It is also advantageous to use the products of this invention with detergent compositions containing bleach systems, particularly containing TAED and sodium perborate.
In addition, the products of the invention are particularly suited for particulate detergent compositions of relatively high bulk density, that is to say, over about 0.5 g/cc, preferably about 0.6 to 0.8 g/cc, up to a maximum of about 1 g/cc, above which there tends to be a reduction in the rate of water solubility or dispersibility. The use of high bulk density compositions makes it possible to use relatively small detergent bags which still contain enough particulate detergent composition to be fully effective during use. This also enables the use of simple processing techniques for the production of the detergent compositions themselves, for example, granulation or dry mixing, instead of traditional spray drying techniques.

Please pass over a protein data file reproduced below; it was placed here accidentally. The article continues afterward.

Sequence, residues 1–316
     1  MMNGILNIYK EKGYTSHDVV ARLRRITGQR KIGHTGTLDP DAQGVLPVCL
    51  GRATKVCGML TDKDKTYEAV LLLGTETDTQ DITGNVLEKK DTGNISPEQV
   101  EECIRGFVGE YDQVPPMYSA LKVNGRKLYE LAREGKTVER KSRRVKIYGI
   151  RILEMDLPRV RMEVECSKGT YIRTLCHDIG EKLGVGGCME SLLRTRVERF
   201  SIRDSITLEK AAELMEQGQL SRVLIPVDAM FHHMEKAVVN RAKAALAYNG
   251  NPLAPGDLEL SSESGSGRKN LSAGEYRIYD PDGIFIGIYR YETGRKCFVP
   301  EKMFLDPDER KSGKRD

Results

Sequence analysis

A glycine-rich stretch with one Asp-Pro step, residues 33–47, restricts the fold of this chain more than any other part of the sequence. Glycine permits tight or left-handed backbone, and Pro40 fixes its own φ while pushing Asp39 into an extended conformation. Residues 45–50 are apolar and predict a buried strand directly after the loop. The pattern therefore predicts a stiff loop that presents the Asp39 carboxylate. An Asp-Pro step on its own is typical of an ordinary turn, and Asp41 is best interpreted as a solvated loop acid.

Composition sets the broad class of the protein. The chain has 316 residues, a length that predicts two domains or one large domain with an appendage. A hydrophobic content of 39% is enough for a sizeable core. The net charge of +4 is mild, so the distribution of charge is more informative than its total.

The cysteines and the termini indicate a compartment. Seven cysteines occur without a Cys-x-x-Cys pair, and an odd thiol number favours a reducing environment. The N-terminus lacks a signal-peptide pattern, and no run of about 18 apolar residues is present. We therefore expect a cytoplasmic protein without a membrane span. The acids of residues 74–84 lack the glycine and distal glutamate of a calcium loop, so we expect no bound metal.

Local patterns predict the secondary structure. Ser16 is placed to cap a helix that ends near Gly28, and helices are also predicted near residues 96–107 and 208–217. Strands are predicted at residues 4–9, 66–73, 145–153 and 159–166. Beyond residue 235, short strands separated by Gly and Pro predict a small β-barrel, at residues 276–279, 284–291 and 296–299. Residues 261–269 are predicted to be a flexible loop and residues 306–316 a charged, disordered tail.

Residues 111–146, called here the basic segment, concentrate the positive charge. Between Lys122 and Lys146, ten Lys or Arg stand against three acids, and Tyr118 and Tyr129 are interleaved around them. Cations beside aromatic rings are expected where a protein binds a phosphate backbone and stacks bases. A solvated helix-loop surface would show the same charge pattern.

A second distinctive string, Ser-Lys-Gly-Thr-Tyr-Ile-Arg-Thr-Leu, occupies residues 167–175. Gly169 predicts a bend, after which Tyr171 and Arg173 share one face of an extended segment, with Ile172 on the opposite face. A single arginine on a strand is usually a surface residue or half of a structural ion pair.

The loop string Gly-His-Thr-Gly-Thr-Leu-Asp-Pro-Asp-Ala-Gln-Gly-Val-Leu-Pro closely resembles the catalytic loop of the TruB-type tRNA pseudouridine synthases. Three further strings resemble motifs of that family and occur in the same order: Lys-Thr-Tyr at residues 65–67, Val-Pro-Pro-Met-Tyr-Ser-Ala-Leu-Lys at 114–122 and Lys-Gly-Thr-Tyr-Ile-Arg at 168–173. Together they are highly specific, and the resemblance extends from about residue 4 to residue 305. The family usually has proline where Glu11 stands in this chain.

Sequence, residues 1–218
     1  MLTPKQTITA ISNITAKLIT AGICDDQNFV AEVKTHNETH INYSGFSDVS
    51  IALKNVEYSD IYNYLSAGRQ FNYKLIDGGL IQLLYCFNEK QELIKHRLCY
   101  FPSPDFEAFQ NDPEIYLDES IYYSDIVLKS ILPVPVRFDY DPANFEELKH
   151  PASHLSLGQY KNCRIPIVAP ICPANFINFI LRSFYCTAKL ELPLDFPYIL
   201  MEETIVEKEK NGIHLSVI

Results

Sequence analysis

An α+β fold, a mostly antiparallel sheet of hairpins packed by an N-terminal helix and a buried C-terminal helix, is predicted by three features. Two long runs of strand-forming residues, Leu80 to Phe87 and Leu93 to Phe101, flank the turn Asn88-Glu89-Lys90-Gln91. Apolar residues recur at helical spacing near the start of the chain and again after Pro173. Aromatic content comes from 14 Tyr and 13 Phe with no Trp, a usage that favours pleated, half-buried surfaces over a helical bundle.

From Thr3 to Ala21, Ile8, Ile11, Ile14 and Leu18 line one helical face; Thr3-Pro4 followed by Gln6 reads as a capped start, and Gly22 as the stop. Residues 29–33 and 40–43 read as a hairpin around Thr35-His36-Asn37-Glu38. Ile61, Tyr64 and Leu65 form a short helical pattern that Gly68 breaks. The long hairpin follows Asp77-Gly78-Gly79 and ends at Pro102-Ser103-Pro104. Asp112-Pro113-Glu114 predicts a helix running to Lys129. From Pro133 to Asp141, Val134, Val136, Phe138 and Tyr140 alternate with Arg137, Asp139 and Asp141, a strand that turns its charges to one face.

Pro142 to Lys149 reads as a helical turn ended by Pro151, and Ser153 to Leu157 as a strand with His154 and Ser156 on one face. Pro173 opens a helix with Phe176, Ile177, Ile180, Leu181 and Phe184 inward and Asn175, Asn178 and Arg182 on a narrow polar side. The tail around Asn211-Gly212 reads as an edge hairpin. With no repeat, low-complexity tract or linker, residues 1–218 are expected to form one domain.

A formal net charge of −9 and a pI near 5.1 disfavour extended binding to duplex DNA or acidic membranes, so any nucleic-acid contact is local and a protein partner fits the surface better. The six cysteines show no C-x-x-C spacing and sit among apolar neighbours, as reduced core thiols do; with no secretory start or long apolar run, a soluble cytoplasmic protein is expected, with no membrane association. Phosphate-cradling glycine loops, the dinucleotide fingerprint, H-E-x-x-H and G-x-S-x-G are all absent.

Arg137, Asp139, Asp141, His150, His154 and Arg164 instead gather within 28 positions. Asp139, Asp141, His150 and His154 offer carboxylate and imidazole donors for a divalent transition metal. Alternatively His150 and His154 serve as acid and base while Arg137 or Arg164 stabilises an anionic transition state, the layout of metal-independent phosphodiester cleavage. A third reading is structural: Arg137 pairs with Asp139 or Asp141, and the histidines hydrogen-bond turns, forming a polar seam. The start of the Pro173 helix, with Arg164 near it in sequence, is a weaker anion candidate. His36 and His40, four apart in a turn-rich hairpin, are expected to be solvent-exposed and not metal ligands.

The particle size distribution of the fabric treatment material should preferably be selected in relation to the pore size distribution of the fibrous sheet material constituting the first outer wall of the bag, so that no more than about 5% by weight, preferably no more than about 1%, of the particles can pass through the fibrous material in the dry state, and hence cause dusting. For retaining powders, for example, powders made by dry mixing, the material of the first outer bag wall should preferably be made from fibrous material having a very small maximum pore size so as to allow only detergent particles less than about 20 microns to dust from the bag on handling or in transit. For retaining coarser grained powders the first outer wall should preferably be made from sheet material having a maximum pore size such as to allow only detergent particles less than about 100 microns to dust from the bag. Similarly the porosity of the intermediate wall should be such as to allow only minimal passage of components between compartments, or, as previously mentioned, it may be coated with a water-soluble or water-dispersible material to retain the powder in the inner compartment.